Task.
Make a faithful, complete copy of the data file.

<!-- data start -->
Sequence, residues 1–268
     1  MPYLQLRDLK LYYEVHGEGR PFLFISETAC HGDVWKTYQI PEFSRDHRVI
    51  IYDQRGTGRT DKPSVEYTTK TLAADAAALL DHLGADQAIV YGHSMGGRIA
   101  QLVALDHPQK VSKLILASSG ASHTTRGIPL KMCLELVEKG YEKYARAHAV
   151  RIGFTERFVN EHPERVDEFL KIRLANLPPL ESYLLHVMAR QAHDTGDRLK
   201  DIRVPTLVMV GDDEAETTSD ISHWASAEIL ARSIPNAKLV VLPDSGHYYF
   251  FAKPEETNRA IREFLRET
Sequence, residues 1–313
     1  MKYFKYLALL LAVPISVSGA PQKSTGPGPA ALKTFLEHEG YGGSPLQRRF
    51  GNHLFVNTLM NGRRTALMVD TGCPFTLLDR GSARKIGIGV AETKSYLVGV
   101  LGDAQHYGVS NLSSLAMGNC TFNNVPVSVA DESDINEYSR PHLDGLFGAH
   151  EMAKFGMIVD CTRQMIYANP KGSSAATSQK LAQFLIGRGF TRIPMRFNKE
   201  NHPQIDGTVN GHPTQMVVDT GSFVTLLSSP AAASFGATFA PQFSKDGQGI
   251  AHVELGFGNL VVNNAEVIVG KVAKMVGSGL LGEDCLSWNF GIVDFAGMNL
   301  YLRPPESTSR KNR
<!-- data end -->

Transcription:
Sequence, residues 1–268
     1  MPYLQLRDLK LYYEVHGEGR PFLFISETAC HGDVWKTYQI PEFSRDHRVI
    51  IYDQRGTGRT DKPSVEYTTK TLAADAAALL DHLGADQAIV YGHSMGGRIA
   101  QLVALDHPQK VSKLILASSG ASHTTRGIPL KMCLELVEKG YEKYARAHAV
   151  RIGFTERFVN EHPERVDEFL KIRLANLPPL ESYLLHVMAR QAHDTGDRLK
   201  DIRVPTLVMV GDDEAETTSD ISHWASAEIL ARSIPNAKLV VLPDSGHYYF
   251  FAKPEETNRA IREFLRET
Sequence, residues 1–313
     1  MKYFKYLALL LAVPISVSGA PQKSTGPGPA ALKTFLEHEG YGGSPLQRRF
    51  GNHLFVNTLM NGRRTALMVD TGCPFTLLDR GSARKIGIGV AETKSYLVGV
   101  LGDAQHYGVS NLSSLAMGNC TFNNVPVSVA DESDINEYSR PHLDGLFGAH
   151  EMAKFGMIVD CTRQMIYANP KGSSAATSQK LAQFLIGRGF TRIPMRFNKE
   201  NHPQIDGTVN GHPTQMVVDT GSFVTLLSSP AAASFGATFA PQFSKDGQGI
   251  AHVELGFGNL VVNNAEVIVG KVAKMVGSGL LGEDCLSWNF GIVDFAGMNL
   301  YLRPPESTSR KNR